Selling whats owed

Joe Reini needed to borrow money in 2009 because cash flow at his Atlanta engineering services company, Mason-Grey Corp. was starting to suffer. Several clients had pulled out of planned projects they could no longer afford. He had no luck in getting a loan. He was even turned down by a bank he had a done business with for years.

?It was absolutely maddening to see opportunities (for business) on the horizon, have relationships with banks and have them repeatedly say no,? he says.

So Reini turned to an online service called the Receivables Exchange, which runs a market for receivables – the money that a business is owed from customers after it sells a product or service.

Here?s how it works: Company A is owed $1,000 by Company B. Company A posts its invoice on the Receivables Exchange where investors can bid for it – for an amount below face value. Company A chooses among the bidders and gets the cash it needs, sometimes within a day. When Company B pays the invoice, the Receivables Exchange handles the transaction and collects a commission.

If Company B doesn?t pay, then Company A would have to pay back the investor. But Nicolas Perkin, the president of the Receivables Exchange, says companies tend to sell invoices from their customers that have a solid payment history. That reduces the risk.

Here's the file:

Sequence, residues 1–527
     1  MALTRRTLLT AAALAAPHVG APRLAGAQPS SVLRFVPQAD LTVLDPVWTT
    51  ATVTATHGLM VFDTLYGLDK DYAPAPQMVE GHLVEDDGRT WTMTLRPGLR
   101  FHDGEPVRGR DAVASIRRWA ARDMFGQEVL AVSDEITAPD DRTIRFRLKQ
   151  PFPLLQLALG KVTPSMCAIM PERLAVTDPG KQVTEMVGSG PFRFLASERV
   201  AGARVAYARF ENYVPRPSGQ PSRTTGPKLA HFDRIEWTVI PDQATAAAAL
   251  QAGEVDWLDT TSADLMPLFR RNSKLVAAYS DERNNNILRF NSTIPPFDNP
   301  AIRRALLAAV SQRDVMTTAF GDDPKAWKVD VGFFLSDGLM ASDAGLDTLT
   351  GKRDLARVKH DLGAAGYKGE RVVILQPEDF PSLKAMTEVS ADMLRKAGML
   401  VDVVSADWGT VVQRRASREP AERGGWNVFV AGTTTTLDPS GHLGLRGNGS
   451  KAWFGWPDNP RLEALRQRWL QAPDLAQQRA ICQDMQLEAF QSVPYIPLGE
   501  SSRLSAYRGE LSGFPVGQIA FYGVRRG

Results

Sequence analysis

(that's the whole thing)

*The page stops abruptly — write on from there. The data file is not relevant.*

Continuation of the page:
Selling invoices allowed Mason-Grey to improve its cash flow and it was able to hire 20 more staffers. Reini says the company?s revenue has doubled since late 2008.

Now Reini is reconsidering how much he needs a traditional bank. He says he only uses a bank for needs like payroll and paying his own suppliers.

?They?re too slow to adapt to our needs,? he says.

Hiring a middleman

Part of managing cash flow is knowing when a bill will be paid. That?s where companies such as Ariba help. Ariba offers a service called Dynamic Discounting that allows buyers and sellers to negotiate payment terms online. The supplier uses Dynamic Discounting to get a commitment for a payment date from the customer, which eliminates the uncertainty of when a check might arrive in the mail. The service also allows companies to get money sooner by offering an early payment discount. So if a company needs cash now, it can negotiate with its customers online and get paid through Dynamic Discounting.